On August 24, 2004, at approximately 1350 mountain daylight time, a Robinson R22, N7530D, operated by Cross Country Aviation Inc., was substantially damaged during a hard landing at Logan-Cache Airport (LGU), Logan, Utah. Visual meteorological conditions prevailed at the time of the accident. The local instructional flight was being conducted under the provisions of Title 14 CFR Part 91 without a flight plan. The commercial certificated instructor and private pilot receiving instruction were not injured. The flight originated at approximately 1330.

According to the instructor, after demonstrating some ground maneuvers, he entered the pattern to demonstrate a "practice autorotation with a power recovery." The instructor stated that, at approximately 850 feet above the ground, on approach to runway 35, he entered the autorotation. In the glide, the airspeed "was 65 to 70 knots, [rotor] rpm was in the green, and the descent was around 1500 feet per minute. Everything was good."

The instructor stated that at approximately 40 feet above the ground, "we" started the flare. At the end of the flare, I announced "recover." The student was "very tight on the throttle." Then I announced, "I have the controls." The instructor said he was unable to recover the [engine] rpm. The instructor leveled the helicopter and landed hard on the runway. The impact with the runway crushed the landing gear skids upward, and buckled the fuselage and tail boom.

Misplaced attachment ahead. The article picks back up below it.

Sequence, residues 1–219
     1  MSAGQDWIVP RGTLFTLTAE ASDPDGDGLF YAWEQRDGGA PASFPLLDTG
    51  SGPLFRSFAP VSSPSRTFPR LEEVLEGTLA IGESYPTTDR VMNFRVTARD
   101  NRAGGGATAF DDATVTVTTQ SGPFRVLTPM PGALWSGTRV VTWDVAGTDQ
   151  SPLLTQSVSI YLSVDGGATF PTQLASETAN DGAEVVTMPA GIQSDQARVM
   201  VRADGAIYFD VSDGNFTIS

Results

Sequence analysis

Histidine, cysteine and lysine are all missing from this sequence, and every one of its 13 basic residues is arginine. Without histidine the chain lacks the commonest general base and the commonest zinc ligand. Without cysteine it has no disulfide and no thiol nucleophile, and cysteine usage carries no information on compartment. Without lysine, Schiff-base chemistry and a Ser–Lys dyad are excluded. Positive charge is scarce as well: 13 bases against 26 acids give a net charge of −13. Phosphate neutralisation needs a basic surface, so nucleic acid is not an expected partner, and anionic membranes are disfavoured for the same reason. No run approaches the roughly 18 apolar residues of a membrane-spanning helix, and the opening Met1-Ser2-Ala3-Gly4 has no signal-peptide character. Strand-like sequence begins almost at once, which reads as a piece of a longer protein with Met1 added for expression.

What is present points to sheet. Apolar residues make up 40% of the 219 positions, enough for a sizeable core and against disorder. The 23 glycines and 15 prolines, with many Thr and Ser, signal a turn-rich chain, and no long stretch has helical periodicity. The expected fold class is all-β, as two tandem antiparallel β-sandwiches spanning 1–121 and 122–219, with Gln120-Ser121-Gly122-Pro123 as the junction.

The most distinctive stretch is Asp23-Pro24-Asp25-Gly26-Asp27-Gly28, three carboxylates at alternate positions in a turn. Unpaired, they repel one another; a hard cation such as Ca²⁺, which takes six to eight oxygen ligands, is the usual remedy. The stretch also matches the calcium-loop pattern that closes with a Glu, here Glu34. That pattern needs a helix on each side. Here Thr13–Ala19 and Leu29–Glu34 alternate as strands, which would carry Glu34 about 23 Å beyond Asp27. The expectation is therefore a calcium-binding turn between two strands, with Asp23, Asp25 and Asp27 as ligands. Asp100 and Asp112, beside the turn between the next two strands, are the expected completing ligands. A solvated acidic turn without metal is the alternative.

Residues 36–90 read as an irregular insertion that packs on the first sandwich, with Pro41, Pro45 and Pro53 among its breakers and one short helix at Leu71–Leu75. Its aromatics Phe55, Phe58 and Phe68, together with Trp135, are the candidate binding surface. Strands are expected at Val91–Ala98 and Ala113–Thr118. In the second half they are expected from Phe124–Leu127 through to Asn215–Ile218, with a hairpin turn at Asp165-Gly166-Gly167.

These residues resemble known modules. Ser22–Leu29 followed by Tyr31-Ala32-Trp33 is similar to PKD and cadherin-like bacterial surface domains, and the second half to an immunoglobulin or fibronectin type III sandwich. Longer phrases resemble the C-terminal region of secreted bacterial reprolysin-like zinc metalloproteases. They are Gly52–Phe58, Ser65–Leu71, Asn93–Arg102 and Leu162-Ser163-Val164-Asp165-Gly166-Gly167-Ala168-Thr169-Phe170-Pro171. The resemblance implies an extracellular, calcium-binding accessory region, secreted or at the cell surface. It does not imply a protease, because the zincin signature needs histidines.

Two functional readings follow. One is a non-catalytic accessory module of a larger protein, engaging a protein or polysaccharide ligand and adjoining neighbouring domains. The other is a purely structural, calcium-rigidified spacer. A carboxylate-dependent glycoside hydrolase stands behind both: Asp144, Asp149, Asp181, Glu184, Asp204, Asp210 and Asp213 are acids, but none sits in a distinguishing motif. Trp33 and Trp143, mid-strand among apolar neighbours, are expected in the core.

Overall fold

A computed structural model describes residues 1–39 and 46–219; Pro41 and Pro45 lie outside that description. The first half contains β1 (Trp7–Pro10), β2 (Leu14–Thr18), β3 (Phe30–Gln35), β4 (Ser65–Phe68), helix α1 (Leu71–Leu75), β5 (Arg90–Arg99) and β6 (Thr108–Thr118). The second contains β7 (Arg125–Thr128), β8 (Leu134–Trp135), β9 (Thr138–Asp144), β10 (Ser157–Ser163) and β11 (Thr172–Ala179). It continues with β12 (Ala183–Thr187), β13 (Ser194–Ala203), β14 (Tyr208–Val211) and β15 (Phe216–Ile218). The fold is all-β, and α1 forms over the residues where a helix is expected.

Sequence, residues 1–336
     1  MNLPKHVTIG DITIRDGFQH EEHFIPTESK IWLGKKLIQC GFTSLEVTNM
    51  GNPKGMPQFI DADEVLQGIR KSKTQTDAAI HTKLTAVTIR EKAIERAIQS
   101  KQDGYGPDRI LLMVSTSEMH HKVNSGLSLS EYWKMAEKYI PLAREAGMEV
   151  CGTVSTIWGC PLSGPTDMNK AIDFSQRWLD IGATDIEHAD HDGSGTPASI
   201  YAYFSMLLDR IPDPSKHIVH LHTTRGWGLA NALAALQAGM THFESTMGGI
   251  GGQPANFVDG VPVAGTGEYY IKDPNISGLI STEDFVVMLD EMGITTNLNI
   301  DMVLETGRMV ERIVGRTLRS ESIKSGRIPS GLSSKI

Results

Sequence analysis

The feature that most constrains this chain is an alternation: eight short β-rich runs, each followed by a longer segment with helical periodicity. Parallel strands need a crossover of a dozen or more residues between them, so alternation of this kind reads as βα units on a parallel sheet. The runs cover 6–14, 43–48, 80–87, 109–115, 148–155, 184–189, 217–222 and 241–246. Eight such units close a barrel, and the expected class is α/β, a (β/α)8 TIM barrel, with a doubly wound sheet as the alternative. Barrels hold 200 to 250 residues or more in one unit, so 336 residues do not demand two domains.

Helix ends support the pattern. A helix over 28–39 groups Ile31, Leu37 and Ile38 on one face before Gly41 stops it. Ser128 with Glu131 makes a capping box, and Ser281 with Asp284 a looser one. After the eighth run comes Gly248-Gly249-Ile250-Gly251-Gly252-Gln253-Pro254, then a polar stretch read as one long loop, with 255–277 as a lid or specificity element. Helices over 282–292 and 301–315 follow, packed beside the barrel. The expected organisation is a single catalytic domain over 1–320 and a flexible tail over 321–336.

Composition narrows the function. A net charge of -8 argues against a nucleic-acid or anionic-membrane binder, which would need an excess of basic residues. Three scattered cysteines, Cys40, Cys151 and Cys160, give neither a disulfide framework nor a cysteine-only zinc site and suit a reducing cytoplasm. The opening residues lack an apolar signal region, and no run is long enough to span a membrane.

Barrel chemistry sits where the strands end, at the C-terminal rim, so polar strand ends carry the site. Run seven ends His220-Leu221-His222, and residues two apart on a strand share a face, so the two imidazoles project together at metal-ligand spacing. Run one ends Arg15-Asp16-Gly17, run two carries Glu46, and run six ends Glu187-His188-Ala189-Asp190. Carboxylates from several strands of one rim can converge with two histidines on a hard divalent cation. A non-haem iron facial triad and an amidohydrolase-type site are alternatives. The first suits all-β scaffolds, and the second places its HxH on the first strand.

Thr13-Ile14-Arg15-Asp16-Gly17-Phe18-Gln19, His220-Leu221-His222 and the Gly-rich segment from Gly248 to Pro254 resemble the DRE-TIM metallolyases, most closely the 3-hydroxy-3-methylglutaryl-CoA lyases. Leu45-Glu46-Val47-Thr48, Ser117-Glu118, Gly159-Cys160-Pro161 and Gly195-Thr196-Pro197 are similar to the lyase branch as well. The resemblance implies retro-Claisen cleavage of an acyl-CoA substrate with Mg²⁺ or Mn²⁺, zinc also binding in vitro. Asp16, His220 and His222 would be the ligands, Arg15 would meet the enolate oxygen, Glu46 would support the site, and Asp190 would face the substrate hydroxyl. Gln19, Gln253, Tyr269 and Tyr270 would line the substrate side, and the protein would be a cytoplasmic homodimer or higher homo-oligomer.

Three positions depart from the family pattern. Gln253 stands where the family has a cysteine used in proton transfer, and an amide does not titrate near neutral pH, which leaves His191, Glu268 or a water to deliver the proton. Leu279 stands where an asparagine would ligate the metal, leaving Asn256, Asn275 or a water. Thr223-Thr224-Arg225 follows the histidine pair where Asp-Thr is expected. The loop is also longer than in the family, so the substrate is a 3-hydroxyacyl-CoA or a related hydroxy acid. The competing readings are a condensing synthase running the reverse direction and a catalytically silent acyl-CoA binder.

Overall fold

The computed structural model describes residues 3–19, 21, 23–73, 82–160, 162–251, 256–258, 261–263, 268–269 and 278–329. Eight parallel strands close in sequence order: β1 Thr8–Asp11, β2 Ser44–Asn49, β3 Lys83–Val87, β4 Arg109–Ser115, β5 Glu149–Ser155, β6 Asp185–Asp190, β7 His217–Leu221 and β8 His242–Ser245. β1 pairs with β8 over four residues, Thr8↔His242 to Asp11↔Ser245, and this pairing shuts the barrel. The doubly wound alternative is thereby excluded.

At 1351, the recorded weather conditions at Logan (4,454 feet msl) were, wind, 000 degrees at 0 knots; visibility, 10 statute miles; sky condition, overcast at 085; temperature, 19 degrees C.; dew point, 08 degrees C.; altimeter setting, 29.96. The calculated density altitude was 5,939 feet msl.

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